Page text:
24345 #REPR ELBW MED LIGMNT W/TISS8.65Agree8.65
24346 #RECONSTRUCT ELBOW MED LIGMNT14.00Agree14.00
25001 #INCISE FLEXOR CARPI RADIALIS3.38Agree3.38
25020DECOMPRESS FOREARM 1 SPACE5.92Agree5.92
25023DECOMPRESS FOREARM 1 SPACE12.96Agree12.96
25024 #DECOMPRESS FOREARM 2 SPACES9.50Agree9.50
25025 #DECOMPRESS FORAM 2 SPACES16.54Agree16.54
25075REMOVE FOREARM LESION SUBCUT3.74Agree3.74
25076REMOVE FOREARM LESION DEEP4.92Agree4.92
25259 #MANIPULATE WRIST W/ANESTHES3.75Agree3.75
25274REPAIR FOREARM TENDON/MUSCLE8.75Agree8.75
25275 #REPAIR FOREARM TENDON SHEATH8.50Agree8.50
25394 #REPAIR CARPAL BONE, SHORTEN10.40Agree10.40
25405REPAIR/GRAFT RADIUS OR ULNA14.38Agree14.38
25420REPAIR/GRAFT RADIUS & ULNA16.33Agree16.33
25430 #VASC GRAFT INTO CARPAL BONE9.25Agree9.25
25431 #REPAIR NONUNION CARPAL BONE10.44Agree10.44
25440REPAIR/GRAFT WRIST BONE10.44Agree10.44
25520TREAT FRACTURE OR RADIUS6.26Agree6.26
25526TREAT FRACTURE OF RADIUS12.98Agree12.98
25645TREAT WRITST BONE FRACTURE7.25Agree7.25
25651 #PIN ULNAR STYLOID FRACTURE5.36Agree5.36
25652 #TREAT FRACTURE ULNAR STYLOID7.60Agree7.60
25671 #PIN RADIOULNAR DISLOCATION6.00Agree6.00
26115REMOVE HAND LESION SUBCUT3.86Agree3.86
26116REMOVE HAND LESION, DEEP5.53Agree5.53
26160REMOVE TENDON SHEATH LESION3.15Agree3.15
26250EXTENSIVE HAND SURGERY7.55Agree7.55
26255EXTENSIVE HAND SURGERY12.43Agree12.43
26340 #MANIPULATE FINGER W/ANESTH2.50Agree2.50
26350REPAIR FINGER/HAND TENDON5.99Agree5.99
26352REPAIR/GRAFT HAND TENDON7.68Agree7.68
26356REPAIR FINGER/HAND TENDON8.07Agree8.07
26357REPAIR FINGER/HAND TENDON8.58Agree8.58
26358REPAIR/GRAFT HAND TENDON9.14Agree9.14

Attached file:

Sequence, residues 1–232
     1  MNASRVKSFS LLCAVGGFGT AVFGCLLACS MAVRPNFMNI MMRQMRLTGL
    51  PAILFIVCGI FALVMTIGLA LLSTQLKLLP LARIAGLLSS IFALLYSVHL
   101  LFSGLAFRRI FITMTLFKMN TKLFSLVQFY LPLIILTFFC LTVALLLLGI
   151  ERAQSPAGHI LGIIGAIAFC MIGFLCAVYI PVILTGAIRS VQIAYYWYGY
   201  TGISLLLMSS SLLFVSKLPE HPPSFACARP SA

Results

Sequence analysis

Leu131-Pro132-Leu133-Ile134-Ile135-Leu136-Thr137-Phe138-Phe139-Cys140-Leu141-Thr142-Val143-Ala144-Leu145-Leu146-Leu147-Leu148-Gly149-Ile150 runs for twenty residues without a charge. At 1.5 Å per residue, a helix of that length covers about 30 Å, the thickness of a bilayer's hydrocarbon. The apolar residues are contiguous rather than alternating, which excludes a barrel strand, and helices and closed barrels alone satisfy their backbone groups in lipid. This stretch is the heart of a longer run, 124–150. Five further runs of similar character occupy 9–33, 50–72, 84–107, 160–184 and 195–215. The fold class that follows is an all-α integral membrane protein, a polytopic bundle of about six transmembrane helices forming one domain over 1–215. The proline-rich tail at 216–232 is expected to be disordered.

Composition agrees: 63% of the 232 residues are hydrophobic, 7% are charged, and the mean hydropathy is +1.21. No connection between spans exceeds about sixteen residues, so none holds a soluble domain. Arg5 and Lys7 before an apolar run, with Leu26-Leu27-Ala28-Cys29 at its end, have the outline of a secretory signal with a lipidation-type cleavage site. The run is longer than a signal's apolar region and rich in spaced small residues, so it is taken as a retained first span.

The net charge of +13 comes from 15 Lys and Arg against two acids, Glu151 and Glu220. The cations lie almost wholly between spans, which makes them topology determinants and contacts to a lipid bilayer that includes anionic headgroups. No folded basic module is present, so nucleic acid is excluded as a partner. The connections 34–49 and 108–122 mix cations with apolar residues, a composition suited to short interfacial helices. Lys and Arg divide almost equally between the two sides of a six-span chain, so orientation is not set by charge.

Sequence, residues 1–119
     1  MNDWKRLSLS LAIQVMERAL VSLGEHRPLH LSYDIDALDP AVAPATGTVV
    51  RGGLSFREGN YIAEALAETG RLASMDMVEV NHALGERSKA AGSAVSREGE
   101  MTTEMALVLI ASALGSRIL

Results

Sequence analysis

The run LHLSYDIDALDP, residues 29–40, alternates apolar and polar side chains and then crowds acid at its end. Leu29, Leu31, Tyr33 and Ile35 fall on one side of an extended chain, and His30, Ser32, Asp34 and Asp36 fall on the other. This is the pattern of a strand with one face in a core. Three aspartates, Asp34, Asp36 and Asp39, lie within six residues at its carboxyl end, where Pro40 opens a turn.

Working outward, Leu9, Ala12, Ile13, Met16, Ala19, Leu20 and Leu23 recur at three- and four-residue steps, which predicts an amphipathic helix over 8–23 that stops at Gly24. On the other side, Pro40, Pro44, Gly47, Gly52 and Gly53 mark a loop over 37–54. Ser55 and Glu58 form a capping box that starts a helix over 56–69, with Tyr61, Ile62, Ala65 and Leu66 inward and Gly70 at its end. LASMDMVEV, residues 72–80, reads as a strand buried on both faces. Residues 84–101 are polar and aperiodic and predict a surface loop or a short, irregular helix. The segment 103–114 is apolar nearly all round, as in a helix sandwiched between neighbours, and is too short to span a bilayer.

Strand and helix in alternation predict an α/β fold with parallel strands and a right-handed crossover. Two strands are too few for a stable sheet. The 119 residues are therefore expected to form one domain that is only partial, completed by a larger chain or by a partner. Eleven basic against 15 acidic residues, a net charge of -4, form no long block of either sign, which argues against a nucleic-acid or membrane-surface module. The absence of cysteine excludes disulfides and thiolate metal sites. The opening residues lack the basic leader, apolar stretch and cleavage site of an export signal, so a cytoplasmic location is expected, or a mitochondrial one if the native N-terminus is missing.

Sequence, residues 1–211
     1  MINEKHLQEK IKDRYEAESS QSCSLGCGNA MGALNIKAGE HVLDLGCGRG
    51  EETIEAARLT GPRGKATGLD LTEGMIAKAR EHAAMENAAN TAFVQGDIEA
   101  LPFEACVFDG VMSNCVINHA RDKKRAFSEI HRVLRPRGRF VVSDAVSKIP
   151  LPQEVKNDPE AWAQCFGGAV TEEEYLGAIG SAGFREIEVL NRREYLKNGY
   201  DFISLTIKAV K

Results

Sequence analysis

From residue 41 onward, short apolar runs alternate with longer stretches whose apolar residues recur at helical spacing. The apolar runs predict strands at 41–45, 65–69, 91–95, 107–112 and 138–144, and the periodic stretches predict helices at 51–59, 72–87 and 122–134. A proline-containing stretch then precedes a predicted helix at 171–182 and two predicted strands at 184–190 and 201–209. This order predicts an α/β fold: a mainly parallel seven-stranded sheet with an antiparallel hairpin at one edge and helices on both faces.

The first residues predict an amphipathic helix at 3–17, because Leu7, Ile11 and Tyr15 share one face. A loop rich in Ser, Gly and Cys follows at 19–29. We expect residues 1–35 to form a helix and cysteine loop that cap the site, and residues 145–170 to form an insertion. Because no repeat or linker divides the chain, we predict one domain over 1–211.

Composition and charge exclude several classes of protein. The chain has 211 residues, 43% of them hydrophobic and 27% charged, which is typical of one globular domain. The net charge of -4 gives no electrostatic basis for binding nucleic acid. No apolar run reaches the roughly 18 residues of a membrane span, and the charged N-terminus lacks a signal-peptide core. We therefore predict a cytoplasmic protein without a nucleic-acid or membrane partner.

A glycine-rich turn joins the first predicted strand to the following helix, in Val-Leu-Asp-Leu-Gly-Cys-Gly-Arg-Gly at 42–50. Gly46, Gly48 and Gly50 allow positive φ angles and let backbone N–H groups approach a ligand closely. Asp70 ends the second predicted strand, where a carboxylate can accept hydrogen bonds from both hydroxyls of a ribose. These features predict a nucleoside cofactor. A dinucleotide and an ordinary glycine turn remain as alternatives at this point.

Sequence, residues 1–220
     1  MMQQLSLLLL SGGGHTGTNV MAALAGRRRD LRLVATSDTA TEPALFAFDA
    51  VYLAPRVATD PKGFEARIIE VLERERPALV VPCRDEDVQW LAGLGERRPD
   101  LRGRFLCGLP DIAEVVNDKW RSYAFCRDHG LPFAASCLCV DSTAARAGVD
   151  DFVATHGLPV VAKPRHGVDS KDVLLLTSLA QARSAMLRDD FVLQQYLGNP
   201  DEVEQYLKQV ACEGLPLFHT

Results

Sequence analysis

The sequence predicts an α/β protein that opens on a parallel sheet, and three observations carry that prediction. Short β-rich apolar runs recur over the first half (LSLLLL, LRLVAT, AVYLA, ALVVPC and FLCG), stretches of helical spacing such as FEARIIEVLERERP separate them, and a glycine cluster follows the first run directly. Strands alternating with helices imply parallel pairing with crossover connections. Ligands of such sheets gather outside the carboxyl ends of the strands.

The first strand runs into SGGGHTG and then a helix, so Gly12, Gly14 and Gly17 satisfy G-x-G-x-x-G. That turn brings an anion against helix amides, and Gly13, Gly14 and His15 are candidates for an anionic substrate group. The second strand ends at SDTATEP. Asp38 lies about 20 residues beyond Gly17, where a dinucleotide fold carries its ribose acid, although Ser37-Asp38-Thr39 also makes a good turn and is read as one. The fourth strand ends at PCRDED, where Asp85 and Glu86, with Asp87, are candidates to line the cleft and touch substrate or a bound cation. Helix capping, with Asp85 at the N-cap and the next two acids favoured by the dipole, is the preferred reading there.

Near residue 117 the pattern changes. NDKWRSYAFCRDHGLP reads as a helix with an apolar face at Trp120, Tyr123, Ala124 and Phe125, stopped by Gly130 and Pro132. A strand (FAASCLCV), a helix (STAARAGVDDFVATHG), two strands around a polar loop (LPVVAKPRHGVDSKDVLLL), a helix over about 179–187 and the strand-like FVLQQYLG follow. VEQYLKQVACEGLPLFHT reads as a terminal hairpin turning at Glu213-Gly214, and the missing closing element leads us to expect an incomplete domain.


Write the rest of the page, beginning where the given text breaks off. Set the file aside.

26390REVISE HAND/FINGER TENDON9.19Agree9.19
26392REPAIR/GRAFT HAND TENDON10.26Agree10.26
26415EXCISION, HAND/FINGER TENDON8.34Agree8.34
26416GRAFT HAND OR FINGER TENDON9.37Agree9.37
26426REPAIR FINGER/HAND TENDON6.15Agree6.15
26428REPAIR/GRAFT FINGER TENDON7.21Agree7.21
26445RELEASE HAND/FINGER TENDON4.31Agree4.31
26510THUMB TENDON TRANSFER5.43Agree5.43
26587RECONSTRUCT EXTRA FINGER14.05Agree14.05
26590REPAIR FINGER DEFORMITY17.96Agree17.96
26607TREAT METACARPAL FRACTURE5.36Agree5.36
26608TREAT METACARPAL FRACTURE5.36Agree5.36
26670TREAT HAND DISLOCATION3.69Agree3.69
26675TREAT HAND DISLOCATION4.54Agree4.54
26676PINE HAND DISLOCATION5.52Agree5.52
26685TREAT HAND DISLOCATION6.98Agree6.98
26843FUSION OF HAND JOINT7.61Agree7.61
26844FUSION/GRAFT OF HAND JOINT8.73Agree8.73
27096INJECT SACROILIAC JOINT1.40Agree1.40
28299CORRECTION OF BUNION10.58Agree10.58
29086 #APPLY FINGER CAST0.62Agree0.62
29805 #SHOULDER ARTHROSCOPY, DX5.89Agree5.89
29806 #SHOULDER ARTHROSCOPY/SURGERY14.37Agree14.37
29807 #SHOULDER ARTHROSCOPY/SURGERY13.90Agree13.90
29819SHOULDER ARTHROSCOPY/SURGERY7.62Agree7.62
29820SHOULDER ARTHROSCOPY/SURGERY7.07Agree7.07
29821SHOULDER ARTHROSCOPY/SURGERY7.72Agree7.72
29822SHOULDER ARTHROSCOPY/SURGERY7.43Agree7.43Start Printed Page 55302
29823SHOULDER ARTHROSCOPY/SURGERY8.17Agree8.17
29824 #SHOULDER ARTHROSCOPY/SURGERY8.25Agree8.25
29900 #MCP JOINT ARTHROSCOPY, DX5.42Agree5.42
29901 #MCP JOINT ARTHROSCOPY, SURG6.13Agree6.13
29902 #MCP JOINT ARTHROSCOPY, SURG6.70Agree6.70
30117REMOVAL OF INTRANASAL LESION3.16Agree3.16
30118REMOVAL OF INTRANASAL LESION9.69Agree9.69
31641BRONCHOSCOPY, TREAT BLOCKAGE5.03Agree5.03
32650THORACOSCOPY, SURGICAL10.75Agree10.75
33967 #INSERT IA PERCUT DEVICE4.85Agree4.85
33975IMPLANT VENTRICULAR DEVICE21.00Agree21.00
33976IMPLANT VENTRICULAR DEVICE23.00Agree23.00
33977REMOVE VENTRICULAR DEVICE19.29Agree19.29
33978REMOVE VENTRICULAR DEVICE21.73Agree21.73
33979 #INSERT INTRACORPOREAL DEVICEcarrierAgreecarrier
33980 #REMOVE INTRACORPOREAL DEVICEcarrierAgreecarrier
35646ARTERY BYPASS GRAFT31.00Agree31.00
35647 #ARTERY BYPASS GRAFT28.00Agree28.00
35685BYPASS GRAFT PATENCY/PATCH4.05Agree4.05
35686 #BYPASS GRAFT/AV FIST PATENCY3.35Agree3.35